Ever wanted to make your own wireless chemical sensor? Researchers from the University of California, Irvine (UC Irvine) have got you covered with their ESP32-based potentiostat.
We’ve talked about potentiostats here on Hackaday before. Potentiostats are instruments that analyze the electrical properties of an electroactive chemical cell. Think oxidation and reduction reactions (redox) from your chemistry course, if you can remember that far back. Potentiostats can be used in several different modes/configurations, but the general idea is for these instruments to induce redox reactions within a given electroactive chemical cell and then measure the resulting current produced by the reaction. By measuring the current, researchers can determine the concentration of a known substance within a sample or even determine the identity of an unknown substance, to name a few potential applications.
These instruments have become mainstays in research labs around the world and have incredible utility in the consumer space. Glucometers, devices used to measure blood glucose levels, are an example of technologies that have made their way into everyday life due to the advances made in electrochemistry and potentiostat research over the last few decades. Given their incredible utility to scientific research and medical technologies, a great deal of effort has gone into democratizing potentiostats, making them more available to the general public for educational and hobbyist purposes. Of course, any medical applications must go through rigorous testing and approvals by each country’s appropriate governing bodies. So we’re talking more non-medical purposes here.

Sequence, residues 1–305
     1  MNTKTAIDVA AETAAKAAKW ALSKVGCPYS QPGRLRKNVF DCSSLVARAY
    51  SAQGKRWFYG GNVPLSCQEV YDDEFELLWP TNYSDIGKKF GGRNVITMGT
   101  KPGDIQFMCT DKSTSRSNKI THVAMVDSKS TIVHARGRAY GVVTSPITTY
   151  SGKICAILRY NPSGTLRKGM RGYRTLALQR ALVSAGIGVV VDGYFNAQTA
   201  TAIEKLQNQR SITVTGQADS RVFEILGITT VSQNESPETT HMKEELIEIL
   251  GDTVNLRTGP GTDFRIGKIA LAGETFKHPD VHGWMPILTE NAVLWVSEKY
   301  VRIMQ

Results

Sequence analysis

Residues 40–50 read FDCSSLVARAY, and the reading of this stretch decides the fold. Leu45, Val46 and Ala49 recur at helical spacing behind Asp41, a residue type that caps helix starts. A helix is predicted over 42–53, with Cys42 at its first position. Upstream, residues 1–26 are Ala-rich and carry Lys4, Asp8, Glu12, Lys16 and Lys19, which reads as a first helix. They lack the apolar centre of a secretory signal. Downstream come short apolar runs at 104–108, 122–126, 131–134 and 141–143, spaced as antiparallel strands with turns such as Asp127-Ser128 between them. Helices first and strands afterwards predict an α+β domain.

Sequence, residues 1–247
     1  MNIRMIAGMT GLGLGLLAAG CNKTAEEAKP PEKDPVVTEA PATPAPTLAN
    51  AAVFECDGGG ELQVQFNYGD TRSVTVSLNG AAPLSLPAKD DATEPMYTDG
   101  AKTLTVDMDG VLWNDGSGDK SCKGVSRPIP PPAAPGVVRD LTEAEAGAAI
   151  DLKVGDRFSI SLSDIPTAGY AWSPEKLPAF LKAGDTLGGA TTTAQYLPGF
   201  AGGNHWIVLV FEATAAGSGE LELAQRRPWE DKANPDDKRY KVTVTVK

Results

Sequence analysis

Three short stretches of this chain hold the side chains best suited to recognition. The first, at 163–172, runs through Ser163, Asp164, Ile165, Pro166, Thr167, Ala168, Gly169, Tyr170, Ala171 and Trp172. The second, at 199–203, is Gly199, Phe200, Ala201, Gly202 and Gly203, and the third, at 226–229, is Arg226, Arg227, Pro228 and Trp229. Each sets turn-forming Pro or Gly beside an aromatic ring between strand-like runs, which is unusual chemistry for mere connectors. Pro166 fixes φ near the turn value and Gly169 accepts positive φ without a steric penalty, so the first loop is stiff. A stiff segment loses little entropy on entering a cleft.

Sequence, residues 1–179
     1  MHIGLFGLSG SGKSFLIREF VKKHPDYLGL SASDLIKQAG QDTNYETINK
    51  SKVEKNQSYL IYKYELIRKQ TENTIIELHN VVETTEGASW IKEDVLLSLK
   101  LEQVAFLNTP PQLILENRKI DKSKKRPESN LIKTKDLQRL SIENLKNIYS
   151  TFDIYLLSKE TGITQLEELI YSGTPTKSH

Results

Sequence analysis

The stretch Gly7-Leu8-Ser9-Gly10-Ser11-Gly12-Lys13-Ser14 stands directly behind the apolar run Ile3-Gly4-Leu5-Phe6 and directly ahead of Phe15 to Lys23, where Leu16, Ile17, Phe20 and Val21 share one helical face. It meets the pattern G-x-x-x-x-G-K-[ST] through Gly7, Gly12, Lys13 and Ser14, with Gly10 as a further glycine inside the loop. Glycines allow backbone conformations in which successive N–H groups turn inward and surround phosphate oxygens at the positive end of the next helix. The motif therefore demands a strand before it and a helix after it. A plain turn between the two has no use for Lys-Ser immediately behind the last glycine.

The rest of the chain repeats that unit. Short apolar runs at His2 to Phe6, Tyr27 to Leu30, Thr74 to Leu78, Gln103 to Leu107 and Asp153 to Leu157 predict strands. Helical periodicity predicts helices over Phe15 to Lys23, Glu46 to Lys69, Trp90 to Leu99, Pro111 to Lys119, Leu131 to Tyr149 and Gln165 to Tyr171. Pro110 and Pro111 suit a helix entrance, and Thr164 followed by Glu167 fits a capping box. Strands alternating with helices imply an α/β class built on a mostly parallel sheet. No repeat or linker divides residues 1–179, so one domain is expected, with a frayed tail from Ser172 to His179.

The first popular open-source, DIY potentiostat was the CheapStat, which we’ve covered here on Hackaday before. Since then, developing newer and more advanced open-source potentiostats has become a popular endeavor within the scientific community. The researchers from UC Irvine wanted to put their own special spin on the open-source potentiostat craze and they did so with their inclusion of the ESP32 as their main processor. This obviously opens up them up do a whole host (see what we did there) of wireless capabilities that others before them have not explored.
With the ESP32, they developed a nice web-based GUI that makes controlling and collecting data from the potentiostat very seamless and user-friendly. You can imagine the great possibilities here. Teacher-led classroom demonstrations where the instructor can easily access each student’s device over the cloud to help troubleshoot or explain results. Developing soil monitoring sensors that can be deployed all around a farm to remotely collect data on feed, soil composition, and plant health. The possibilities here sure are promising.
We hope you’ll dive into their paper as it’s well worth a read. Happy hacking, Hackaday.